Supreme Court of Oklahoma
SMITH v. HILL
1963 OK 69
381 P.2d 868
Case Number: 39569
Cite as: 1963 OK 69, 381 P.2d 868
WILLIE MINTER SMITH, PLAINTIFF IN ERROR,
RAYMOND B. HILL, DEFENDANT IN ERROR.
1. Persons of intelligence and observation may testify as to the speed of a moving automobile without qualifying as experts; the lack of expert knowledge and the shortness of time for observation affects the weight to be given by the jury to such evidence rather than the competency of the witness.
2. Where respective duties of drivers of automobiles meeting on the highway depended on the circumstances of the case and were not fully prescribed by law and reasonable men might differ as to such duties and whether they were discharged, whether collision between such automobiles was unavoidable or was proximately caused by the negligence of either or both drivers was a question for the jury under proper instructions.
Appeal from District Court of Cleveland County; Elvin J. Brown, Judge.
Action by Willie Minter Smith against Raymond B. Hill to recover for personal injuries and property damage as a result of automobile collision. The District Court of Cleveland County sustained defendant's motion for directed verdict at the close of all of the evidence. Plaintiff's motion for new trial was overruled and he appeals. Reversed and remanded for new trial.
Cargill, Cargill & Chiaf, Miskovsky & Miskovsky, Oklahoma City, for plaintiff in error.
Butler, Rinehart & Morrison, Oklahoma City, for defendant in error.
HALLEY, Vice Chief Justice.
Willie Minter Smith, hereafter called plaintiff, commenced this action in the District Court of Cleveland County against Raymond B. Hill, hereafter called defendant, for personal injuries and property damage. Defendant answered and cross-petitioned for personal injuries and property damage. The facts giving rise to the action were as follows. Plaintiff was driving his pickup truck north on U.S. Highway 77 approximately a half mile north of Noble, Cleveland County, Oklahoma. The weather was clear and it was daylight. The defendant was driving south in a station wagon. The plaintiff planned to turn to his left off the highway into his private driveway. He stopped on the highway until an approaching car which was ahead of defendant's station wagon met and passed him. He then turned to the west across the highway and into his driveway. The defendant turned to the right onto the shoulder of the highway and applied his brakes. After skidding the front of defendant's station wagon struck the right side of plaintiff's pickup at a point in plaintiff's driveway about six feet west of the west edge of the pavement.
Trial was had to a jury. At the close of plaintiff's case in chief, defendant demurred to plaintiff's evidence. The demurrer was taken under advisement and defendant presented his evidence. Plaintiff presented rebuttal evidence and both sides rested. Defendant renewed his demurrer to the evidence and moved for a directed verdict. The demurrer was overruled but the motion for directed verdict was granted. One of the jury was instructed by the trial court to sign the verdict finding the issues in favor of the defendant on his cross-petition and against the plaintiff and fixing the amount of defendant's recovery at $1,593.75. The defendant then moved to dismiss his cross-petition without prejudice which was sustained. Judgment was entered on the verdict in favor of defendant and against plaintiff. Plaintiff filed a motion for new trial which was overruled and he appeals.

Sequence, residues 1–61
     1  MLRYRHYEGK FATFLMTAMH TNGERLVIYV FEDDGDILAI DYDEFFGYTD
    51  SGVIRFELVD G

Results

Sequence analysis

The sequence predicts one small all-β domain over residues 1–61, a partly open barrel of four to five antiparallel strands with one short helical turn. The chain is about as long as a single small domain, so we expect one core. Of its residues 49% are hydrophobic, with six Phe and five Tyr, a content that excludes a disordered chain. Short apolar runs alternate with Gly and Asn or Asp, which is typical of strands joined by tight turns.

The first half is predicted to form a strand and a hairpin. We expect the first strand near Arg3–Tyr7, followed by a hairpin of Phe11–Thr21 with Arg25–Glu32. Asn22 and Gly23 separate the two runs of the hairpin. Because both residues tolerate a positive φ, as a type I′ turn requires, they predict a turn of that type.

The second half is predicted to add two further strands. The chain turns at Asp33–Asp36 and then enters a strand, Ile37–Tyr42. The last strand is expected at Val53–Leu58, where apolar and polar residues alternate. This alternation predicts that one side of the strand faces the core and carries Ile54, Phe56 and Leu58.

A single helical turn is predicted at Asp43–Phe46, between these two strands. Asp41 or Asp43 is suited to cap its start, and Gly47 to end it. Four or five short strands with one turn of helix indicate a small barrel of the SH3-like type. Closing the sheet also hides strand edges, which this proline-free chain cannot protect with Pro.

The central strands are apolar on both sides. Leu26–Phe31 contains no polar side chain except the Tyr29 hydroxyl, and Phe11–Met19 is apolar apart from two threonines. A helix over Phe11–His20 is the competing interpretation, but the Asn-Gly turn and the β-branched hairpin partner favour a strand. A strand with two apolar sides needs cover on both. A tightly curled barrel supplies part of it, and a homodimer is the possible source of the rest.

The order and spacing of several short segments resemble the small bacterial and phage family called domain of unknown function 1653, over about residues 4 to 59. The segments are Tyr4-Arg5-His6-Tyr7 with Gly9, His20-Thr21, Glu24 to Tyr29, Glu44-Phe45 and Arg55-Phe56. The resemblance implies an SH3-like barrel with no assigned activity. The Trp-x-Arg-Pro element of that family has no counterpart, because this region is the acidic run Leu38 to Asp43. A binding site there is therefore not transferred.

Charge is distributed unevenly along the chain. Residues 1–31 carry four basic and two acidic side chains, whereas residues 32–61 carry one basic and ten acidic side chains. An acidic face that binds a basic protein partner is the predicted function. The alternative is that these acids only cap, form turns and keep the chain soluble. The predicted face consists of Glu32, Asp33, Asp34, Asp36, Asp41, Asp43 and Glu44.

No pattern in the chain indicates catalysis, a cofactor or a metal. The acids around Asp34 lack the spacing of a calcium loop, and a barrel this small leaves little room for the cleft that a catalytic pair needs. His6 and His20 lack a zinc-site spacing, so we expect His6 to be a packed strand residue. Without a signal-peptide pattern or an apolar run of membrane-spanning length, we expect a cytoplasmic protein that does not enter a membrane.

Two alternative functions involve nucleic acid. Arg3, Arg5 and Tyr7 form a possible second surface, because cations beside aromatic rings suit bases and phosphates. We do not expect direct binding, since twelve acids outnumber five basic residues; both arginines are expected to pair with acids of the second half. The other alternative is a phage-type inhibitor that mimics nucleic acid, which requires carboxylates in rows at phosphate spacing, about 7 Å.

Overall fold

Plaintiff submits two propositions for reversal:
1. That the trial court committed reversible error in directing a verdict for defendant.
2. That the trial court erred in excluding layman's opinion evidence as to speed of the station wagon.
We will discuss the two propositions in reverse order.
The plaintiff called two witnesses, Mr. and Mrs. Kenneth Nemecek, whose house is located just north of plaintiff's and on the same side of the highway as plaintiff's house. Their driveways were less than 200 feet apart. They were working in the back yard of their home just prior to the collision. Their attention was drawn to the defendant's station wagon by the sound of brakes being applied. They each testified that they observed the defendant's vehicle for "seconds" before it went out of sight because of their house blocking their view of the highway. They then heard the collision and ran to the scene of the accident.
Mr. Nemecek testified that he had driven cars for 25 years. He had had an opportunity to observe other cars driving on the highway in front of his home numerous times. He stated that he had an opinion as to the speed of defendant's station wagon at the time he saw it immediately before the accident. In answer to a qualifying question by the trial court he stated he observed the progress of the station wagon for 15 feet. When asked to state his opinion, the trial court sustained defendant's objection on the ground that a proper predicate had not been laid for such testimony. The plaintiff then made an offer of proof that, if allowed to testify, the witness would state that in his opinion defendant's vehicle was traveling 85 miles per hour.
Mrs. Nemecek testified that she had had occasion to observe vehicles going by her home. She has driven cars and was familiar with the speeds of vehicles. She had driven up and down that particular highway and had observed other vehicles traveling at certain known speeds. In answer to a qualifying question by defense counsel she stated that she observed the defendant's vehicle traveling along the highway for "at least 15 feet." The trial court sustained an objection to her further testimony. Plaintiff offered to prove that she would testify that defendant's vehicle was traveling at least 85 miles per hour.